Here we state the problem of using a pretrained SSD model. We then suggest two methods to detect such unusual animals: 1 – fine-tune the pretrained SSD for the animal type; 2 – develop our own lightweight DNN (not SSD) model and use it together with a motion detector. Finally we use the second approach and detect the moose.
Unruly wildlife can be a pain for businesses and homeowners alike. Animals like deer, moose, and even cats can cause damage to gardens, crops, and property.
In this article series, we’ll demonstrate how to detect pests (such as a moose) in real time (or near-real time) on a Raspberry Pi and then take action to get rid of the pest. Since we don’t want to cause any harm, we’ll focus on scaring the pest away by playing a loud noise.
You are welcome to download the source code of the project. We are assuming that you are familiar with Python and have a basic understanding of how neural networks work.
In the previous article, we described how to detect animals with the MobileNet SSD model pre-trained on the Pascal VOC 2012 dataset. This model can detect twenty types of objects, including potential domestic pests like cats and dogs. Unfortunately, it can’t detect wildlife. In this article, we’ll explore our options for detecting wildlife pests like deer, moose, and armadillos.
Use Another Model?
We’ve found an object detector network that seems to work well — except it can’t detect all of the pests we’d like to recognize.
Should we use an alternative DNN detector model that includes the deer, moose, and armadillo classes? That might work, but remember that our choice is restricted to those models that can run on a device without much computing power.
Models that work well on such devices are usually trained on datasets with less than 100 classes. For example, the popular COCO dataset contains 80 object categories. So we’re in a situation where no suitable pre-trained DNN model has a class for every animal we want to detect. For instance, the COCO dataset does not have a class for moose.
Perhaps Another Dataset Instead?
Here’s another idea: What if we train our MobileNet model on a new dataset that contains our pest of choice? This approach is called transfer learning. It has proven effective in many areas of computer vision. But how does transfer learning work, and how could we use it?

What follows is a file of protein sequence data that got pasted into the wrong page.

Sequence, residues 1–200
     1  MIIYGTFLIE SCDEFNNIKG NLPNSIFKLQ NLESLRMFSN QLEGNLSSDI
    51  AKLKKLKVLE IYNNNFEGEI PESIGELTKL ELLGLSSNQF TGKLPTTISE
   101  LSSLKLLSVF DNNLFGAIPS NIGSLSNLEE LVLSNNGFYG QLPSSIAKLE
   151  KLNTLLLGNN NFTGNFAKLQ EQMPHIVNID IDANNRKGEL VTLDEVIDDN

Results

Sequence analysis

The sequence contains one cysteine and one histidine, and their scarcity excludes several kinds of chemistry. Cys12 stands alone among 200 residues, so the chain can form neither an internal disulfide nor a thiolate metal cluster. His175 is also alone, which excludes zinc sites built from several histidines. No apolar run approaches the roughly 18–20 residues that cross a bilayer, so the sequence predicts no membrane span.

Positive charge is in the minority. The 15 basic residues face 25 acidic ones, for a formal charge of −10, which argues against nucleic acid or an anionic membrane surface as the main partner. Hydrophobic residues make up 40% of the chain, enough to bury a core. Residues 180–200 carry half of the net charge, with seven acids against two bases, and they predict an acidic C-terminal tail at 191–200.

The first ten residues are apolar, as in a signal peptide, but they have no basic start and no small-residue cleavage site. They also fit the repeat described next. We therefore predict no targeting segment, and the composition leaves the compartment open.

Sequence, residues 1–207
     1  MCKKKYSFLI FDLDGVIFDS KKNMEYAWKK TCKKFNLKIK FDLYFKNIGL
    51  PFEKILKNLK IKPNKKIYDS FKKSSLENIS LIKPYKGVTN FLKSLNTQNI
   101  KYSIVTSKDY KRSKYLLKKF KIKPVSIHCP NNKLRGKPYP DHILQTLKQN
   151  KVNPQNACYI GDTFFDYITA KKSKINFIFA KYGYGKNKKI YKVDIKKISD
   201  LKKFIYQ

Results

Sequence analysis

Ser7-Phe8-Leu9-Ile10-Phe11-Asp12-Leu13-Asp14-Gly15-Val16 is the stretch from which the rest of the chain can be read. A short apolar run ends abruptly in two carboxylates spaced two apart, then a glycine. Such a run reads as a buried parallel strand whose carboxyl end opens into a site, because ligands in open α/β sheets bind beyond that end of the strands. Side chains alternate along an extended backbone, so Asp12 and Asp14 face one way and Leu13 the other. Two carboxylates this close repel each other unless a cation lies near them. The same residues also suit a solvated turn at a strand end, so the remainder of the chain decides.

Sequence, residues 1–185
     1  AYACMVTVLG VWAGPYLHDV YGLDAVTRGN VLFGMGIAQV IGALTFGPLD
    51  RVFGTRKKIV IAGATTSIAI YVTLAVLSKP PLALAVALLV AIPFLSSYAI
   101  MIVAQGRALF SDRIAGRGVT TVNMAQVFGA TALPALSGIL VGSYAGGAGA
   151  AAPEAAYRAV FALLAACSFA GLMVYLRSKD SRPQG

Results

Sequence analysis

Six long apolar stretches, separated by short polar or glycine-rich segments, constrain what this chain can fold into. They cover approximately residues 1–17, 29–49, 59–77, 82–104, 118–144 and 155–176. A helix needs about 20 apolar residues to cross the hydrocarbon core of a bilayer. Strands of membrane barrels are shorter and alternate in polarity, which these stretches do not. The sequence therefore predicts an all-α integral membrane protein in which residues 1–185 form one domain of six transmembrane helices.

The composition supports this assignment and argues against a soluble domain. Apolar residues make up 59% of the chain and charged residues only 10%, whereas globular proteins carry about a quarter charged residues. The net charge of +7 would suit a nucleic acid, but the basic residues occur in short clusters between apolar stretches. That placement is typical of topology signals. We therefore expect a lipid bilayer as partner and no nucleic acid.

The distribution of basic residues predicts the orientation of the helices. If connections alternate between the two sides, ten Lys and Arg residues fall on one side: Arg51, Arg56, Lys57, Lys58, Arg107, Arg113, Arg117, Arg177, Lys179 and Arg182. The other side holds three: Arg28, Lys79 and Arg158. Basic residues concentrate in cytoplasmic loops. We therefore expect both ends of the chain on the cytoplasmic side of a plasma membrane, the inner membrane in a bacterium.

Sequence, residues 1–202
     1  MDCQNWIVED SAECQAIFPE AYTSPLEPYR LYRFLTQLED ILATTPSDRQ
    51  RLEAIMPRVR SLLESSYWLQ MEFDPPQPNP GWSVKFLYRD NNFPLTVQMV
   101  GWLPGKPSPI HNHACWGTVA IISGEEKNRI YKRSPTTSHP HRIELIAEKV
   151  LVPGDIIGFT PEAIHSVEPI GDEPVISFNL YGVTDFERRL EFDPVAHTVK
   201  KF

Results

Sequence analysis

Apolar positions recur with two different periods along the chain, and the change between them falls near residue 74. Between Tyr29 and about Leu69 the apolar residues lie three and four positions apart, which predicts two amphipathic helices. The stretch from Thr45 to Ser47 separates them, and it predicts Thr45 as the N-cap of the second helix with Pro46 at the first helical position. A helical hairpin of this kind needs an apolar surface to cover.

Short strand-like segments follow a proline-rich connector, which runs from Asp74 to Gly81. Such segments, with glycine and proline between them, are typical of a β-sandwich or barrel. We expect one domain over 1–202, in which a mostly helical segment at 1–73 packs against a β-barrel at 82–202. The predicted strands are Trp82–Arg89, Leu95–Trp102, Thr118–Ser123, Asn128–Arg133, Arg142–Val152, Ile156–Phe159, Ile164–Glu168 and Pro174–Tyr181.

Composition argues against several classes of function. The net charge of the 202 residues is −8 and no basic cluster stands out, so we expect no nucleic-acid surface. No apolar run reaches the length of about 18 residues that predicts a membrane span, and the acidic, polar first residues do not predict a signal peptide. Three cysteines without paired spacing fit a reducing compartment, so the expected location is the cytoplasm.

First, we’ll need to acquire a data set containing images of the new pests the network should recognize.
Then, while training the base DNN model on the new dataset, some of the network’s convolutional layers can be frozen to prevent their kernels (convolutional filters) from changing during the training process. Other layers get trained on the new dataset in such a way that the model becomes "tuned" for detecting new classes.
One advantage of this approach is that it uses a proven and reliable DNN model, which gives us a good chance of getting accurate results for detecting our "exotic" pest. On the other hand, fine-tuning an SSD model is not a trivial task. It requires a large dataset containing the new pest, as well as a lot of experience and effort to tune the model to a high degree of accuracy.
Nope, Use Another Model — a Simpler One
Yet another approach is to create our own lightweight model, which can be more effective on edge devices. In this case, we should probably sacrifice the versatility of an SSD model for the simplicity of a classifier. Our aim is to create an AI system that can recognize a specific type of animal, and we can develop a classification DNN appropriate for this task. This model can be very simple compared to the SSD model we used earlier in this series. On the other hand, we can expect this model to be more effective when running on an edgedevice.
As we’ve mentioned before, the capabilities of classifier DNNs for pest detection are limited. With classifiers, the detection object must be seen as a whole in an image, so we need to design an algorithm for selecting the part of the image containing the object.
This can be achieved with the use of a simple motion detector. Because our final goal is to detect pests in video streams (not in separate frames), we can use a motion detection algorithm to select segments of interest and then apply the classifier to check whether the selected segments contain a pest.
We’ll choose the last approach — the development of a lightweight, simple classifier model — for our pest elimination system. In the next article, we’ll create the training dataset for our pest of choice: The moose.